Friday, January 11, 2013

Judge all you want—we're all going to die. I intend to deserve it.

My mother always said I was stubborn.

Very rarely did she say it as a compliment.

As a child I wanted to do everything myself, without anyone else's help. I wanted to own my accomplishments as mine.

You'd be hard pressed to find a picture of me past age 4 without skinned knees, tangled hair, and bruises—all the result of falling out of trees, wrecking my bike, or just generally playing in the woods like a kid.

I wanted to bake—and if that meant that I wasted a ton of ingredients creating monstrosities, my mom learned to scrape off the burned bits and feed my experiments to our dogs (and my poor brothers).

I wanted to paint—so in the dead of night, when our house was quiet, I painted wild colors on the back panels of all my bedroom furniture before carefully moving everything back into place and finding sleep.

Every Sunday morning and Wednesday evening in bible class I heard a lot about how one day I'd have a whole hell of a lot of struggles and challenges.

I remember thinking to myself that that was silly. Struggles were for people who didn't know how easy it was to say "hey, this is wrong, let's go do something else."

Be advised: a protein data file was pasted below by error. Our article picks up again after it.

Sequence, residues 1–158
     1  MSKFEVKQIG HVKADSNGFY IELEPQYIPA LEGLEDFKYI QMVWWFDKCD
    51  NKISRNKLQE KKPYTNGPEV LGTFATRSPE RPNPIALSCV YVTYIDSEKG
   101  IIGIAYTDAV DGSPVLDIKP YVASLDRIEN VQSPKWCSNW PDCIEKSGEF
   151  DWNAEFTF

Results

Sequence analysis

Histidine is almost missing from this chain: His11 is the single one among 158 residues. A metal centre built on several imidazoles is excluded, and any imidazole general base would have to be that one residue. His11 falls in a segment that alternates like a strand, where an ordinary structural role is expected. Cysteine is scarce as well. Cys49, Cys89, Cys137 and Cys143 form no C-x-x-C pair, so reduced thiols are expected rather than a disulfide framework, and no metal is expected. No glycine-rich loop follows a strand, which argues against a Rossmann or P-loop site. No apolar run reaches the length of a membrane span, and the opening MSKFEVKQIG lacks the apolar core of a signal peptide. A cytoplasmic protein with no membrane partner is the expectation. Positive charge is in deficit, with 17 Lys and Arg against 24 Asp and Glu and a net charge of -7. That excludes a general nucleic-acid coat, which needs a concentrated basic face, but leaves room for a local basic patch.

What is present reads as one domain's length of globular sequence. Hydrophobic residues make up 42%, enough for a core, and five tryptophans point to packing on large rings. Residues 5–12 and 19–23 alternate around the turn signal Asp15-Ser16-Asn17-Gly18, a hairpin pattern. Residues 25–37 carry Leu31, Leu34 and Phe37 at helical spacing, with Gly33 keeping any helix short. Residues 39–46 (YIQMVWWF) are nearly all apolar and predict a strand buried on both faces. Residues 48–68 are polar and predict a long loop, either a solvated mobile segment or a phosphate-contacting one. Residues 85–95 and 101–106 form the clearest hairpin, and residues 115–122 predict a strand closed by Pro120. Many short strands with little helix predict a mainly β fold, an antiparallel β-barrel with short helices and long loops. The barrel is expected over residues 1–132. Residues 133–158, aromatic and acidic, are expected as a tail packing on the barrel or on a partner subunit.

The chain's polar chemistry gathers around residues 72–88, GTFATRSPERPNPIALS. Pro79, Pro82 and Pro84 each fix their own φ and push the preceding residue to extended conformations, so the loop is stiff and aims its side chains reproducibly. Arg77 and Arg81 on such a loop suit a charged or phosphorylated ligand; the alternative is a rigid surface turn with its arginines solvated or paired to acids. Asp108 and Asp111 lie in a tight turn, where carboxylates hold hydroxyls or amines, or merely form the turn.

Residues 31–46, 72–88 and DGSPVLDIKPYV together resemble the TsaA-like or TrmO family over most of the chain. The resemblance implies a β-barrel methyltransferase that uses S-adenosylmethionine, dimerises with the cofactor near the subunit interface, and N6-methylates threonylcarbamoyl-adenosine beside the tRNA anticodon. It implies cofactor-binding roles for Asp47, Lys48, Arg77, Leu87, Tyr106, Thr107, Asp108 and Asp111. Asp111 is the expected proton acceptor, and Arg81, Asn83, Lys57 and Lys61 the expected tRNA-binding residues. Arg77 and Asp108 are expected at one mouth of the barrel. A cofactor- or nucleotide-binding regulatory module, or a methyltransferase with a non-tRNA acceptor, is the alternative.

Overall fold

Something robbed me of my peace and my confidence.

And I thought packaging it neatly away and "moving forward" was the best decision to make.

It was not.

Pretending that bad things haven't happened to you is not learning from your mistakes.

Pretending that you've grown from something horrible doesn't work when you can see how it has negatively changed the way you think, live, and work.

People can see the light peeking out through the seams in your "I'm okay" suit—even if you don't think they can.

I find myself looking at women who have it together as if I'm watching videos of a former version of myself. Smiling, self-assured, and completely oblivious to the crippling, perpetual void of being robbed of any sense of trust or security.

I try to dress and carry myself as if I'm just like them, but the act only works until I have to open my mouth to speak.

The jig is up.

Call me stubborn, call me a bitch, but I'm determined to make everything right again.

And it's time to stand up and say hey, this is wrong, let's go do something else.